Retail earnings are approaching and shares of Kohl’s KSS and Nordstrom JWN could be ready to pop, Morgan Stanley analysts say, based on several data points.
Easy sales comparisons against 2019, warmer-than-usual weather and leaner inventory are three pillars leading the analysts to expect better-than-expected results for department stores.
These stocks have been beaten down of late, with investor expectations low after a poor holiday showing, which included heavy discounting.
Morgan Stanley’s Kimberly Greenberger sees the “potential for a spring rally” for department stores after they report, she wrote in a note.
“Q1 2020 appears off to a good start, with warmer year-over-year weather driving early demand for spring merchandise,” she said.
“Our store checks also suggest leaner inventory coming out of 2019, a signal that department stores have worked through a portion of overhang and a positive for first-half 2020 merchandise margin.”
Gross margins at year’s end were pressured by the heavy discounting.
The easy sales comparison comes as 2019 saw poor same-store-sales and overall revenue growth for the business. The 2019 result followed a difficult comparison with 2018, when consumer spending jumped due to President Donald Trump’s tax cuts.
Strong industrywide results in the coming quarter could be coupled with affirmed or even higher full-year guidance, Greenberger wrote.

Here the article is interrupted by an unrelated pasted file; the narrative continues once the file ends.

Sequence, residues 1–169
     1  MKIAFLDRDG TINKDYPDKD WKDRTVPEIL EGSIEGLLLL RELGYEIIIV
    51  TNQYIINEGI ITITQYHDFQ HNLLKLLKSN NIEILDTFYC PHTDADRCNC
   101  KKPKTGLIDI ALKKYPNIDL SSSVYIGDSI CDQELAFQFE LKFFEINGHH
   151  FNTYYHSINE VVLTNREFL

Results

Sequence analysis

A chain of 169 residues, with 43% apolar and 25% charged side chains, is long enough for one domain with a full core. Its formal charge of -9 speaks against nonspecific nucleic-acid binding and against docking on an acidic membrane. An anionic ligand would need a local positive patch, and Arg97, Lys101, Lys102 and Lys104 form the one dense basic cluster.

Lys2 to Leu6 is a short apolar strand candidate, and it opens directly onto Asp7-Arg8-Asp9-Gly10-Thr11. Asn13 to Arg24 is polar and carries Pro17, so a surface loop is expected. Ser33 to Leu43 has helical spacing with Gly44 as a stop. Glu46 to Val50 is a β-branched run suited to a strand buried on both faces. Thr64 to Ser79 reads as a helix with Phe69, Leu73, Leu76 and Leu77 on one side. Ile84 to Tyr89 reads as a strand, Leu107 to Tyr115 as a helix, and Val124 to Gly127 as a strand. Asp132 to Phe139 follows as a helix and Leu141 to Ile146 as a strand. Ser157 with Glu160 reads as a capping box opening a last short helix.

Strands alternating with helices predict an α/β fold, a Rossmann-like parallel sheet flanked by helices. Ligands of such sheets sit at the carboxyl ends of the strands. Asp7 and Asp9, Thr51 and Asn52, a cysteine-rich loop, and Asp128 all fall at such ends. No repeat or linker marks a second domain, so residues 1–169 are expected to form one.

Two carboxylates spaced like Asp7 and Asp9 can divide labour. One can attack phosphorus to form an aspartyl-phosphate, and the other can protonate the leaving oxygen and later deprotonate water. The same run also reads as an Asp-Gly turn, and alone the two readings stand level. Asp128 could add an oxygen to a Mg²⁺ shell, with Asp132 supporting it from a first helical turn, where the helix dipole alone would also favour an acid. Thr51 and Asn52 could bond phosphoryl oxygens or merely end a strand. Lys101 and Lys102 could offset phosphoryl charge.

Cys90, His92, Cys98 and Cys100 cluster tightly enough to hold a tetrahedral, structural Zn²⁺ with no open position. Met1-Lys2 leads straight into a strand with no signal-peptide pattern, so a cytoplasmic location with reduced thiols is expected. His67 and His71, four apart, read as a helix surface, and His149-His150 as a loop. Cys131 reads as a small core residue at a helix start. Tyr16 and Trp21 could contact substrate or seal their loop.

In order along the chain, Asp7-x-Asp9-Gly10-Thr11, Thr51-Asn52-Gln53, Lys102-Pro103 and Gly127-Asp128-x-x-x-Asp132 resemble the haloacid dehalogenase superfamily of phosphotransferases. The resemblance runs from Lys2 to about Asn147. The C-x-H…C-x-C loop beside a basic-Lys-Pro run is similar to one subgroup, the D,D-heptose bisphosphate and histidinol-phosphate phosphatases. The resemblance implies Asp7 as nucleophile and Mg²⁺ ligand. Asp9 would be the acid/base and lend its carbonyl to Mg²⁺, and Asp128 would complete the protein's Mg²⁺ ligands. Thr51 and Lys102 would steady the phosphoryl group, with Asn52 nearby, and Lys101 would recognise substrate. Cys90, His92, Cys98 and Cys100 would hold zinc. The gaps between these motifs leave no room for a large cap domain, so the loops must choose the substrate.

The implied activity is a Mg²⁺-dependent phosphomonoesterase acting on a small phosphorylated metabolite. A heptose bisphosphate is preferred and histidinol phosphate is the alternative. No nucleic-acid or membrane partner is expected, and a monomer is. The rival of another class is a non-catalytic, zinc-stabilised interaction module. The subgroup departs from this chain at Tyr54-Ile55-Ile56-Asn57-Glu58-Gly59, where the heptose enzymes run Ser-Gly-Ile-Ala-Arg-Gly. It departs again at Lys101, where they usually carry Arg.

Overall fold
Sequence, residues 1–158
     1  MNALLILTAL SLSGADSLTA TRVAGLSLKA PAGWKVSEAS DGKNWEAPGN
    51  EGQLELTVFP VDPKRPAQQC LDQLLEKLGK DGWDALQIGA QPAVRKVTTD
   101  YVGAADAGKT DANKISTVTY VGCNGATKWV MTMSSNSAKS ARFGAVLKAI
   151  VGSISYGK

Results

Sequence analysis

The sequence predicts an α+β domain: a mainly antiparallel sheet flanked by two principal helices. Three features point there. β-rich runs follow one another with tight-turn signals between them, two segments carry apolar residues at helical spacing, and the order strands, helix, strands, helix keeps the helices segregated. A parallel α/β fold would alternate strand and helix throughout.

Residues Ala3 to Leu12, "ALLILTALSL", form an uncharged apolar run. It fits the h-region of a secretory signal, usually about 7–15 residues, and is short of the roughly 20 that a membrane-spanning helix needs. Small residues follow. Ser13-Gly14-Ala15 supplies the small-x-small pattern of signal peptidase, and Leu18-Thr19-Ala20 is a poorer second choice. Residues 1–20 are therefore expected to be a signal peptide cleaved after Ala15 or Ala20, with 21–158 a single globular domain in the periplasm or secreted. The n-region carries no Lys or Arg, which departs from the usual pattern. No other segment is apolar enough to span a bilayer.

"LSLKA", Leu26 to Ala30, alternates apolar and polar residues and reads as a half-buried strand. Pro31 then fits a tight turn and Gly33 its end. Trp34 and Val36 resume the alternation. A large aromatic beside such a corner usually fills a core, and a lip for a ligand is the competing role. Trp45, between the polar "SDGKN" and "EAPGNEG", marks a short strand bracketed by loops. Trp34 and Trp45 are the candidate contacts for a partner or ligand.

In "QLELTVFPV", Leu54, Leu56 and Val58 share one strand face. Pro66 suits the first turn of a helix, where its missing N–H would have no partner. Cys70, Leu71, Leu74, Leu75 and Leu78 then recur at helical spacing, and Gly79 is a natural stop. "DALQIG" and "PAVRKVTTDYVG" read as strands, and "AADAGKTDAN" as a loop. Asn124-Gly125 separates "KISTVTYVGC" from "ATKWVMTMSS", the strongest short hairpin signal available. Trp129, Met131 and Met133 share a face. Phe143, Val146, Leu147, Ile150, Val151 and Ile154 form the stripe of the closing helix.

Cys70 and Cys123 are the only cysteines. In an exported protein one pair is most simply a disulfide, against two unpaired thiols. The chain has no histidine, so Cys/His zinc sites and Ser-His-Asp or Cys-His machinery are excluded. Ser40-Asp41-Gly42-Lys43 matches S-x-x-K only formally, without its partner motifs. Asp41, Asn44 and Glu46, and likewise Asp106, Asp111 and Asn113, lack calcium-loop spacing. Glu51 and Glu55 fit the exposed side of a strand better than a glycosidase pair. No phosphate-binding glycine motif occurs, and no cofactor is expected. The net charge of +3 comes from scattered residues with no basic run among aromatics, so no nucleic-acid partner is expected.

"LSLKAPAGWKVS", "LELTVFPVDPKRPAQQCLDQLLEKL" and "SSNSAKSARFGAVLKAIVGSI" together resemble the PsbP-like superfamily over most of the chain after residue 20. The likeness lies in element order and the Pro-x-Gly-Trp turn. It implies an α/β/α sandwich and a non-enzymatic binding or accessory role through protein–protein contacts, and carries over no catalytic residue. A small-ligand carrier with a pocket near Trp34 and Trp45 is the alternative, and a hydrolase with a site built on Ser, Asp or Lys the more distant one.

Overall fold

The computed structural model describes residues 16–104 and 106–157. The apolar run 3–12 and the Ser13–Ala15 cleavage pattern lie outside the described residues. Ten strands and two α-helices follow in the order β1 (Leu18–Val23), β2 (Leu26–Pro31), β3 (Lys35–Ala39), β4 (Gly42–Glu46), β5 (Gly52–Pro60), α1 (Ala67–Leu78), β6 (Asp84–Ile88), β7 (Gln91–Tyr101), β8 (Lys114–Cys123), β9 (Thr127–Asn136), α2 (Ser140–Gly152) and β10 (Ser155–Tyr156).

Specifically, Kohl’s and Nordstrom could be set to spike.
Kohl’s, Menomonee Falls, Wis., is down 10% in 2020 to date, while the broader market has risen a bit more than 4%. After a not-excellent holiday quarter, Kohl’s management is guiding for fourth-quarter same-store sales growth of just 0.5%. Analysts are expecting the metric to come in at 0.4% for full-year 2020.
But “despite lowered guidance… we expect January traffic to pick up to help [comparisons] slightly accelerate to meet the lower end of management’s current Q4 guide,” Greenberger said.
Kohl’s is now trading at 9.8 times next year’s earnings, below its 5-year average of 11.6. Sales have been hit by competition from Amazon AMZN, which has prompted heavy discounting, hurting gross margins. Operating margins have also fallen to below 7%, and most recently an increase in wages has pressured margins. Importantly, these are longer-term headwinds. If wages continue to rise at the same clip they have, operating margins will, on that basis, remained pressured. As for the Amazon effect, not only may sales volumes be pressured as e-commerce remains a growth business, but so will pricing, hurting gross margins, making the operating margin outlook even less stable.
As for Nordstrom, the Seattle chain’s shares have been flat year to date.
After a rough holiday quarter, analysts polled by FactSet are looking for a 1.2% increase in comparable sales and 1.1% in the full year.
The key for Nordstrom’s year ahead: It hasn’t yet provided guidance, but the easy comparison against the year earlier indicates Nordstrom may guide “contributively” for the full year of 2020, Greenberger says.
Nordstrom is also facing the same sales and margin pressures related to e-commerce and wage increase that Kohl’s faces. But Nordstrom is also trading at an earnings multiple, 11.8, below its five-year average of 14.9.